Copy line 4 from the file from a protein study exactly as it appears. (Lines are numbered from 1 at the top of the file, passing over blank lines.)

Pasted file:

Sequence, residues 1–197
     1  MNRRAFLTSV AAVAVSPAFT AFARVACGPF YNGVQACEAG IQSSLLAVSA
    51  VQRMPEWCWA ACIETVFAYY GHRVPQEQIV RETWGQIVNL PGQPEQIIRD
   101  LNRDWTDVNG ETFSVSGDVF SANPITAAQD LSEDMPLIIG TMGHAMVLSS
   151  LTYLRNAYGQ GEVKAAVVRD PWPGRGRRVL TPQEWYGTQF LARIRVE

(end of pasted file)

   101  LNRDWTDVNG ETFSVSGDVF SANPITAAQD LSEDMPLIIG TMGHAMVLSS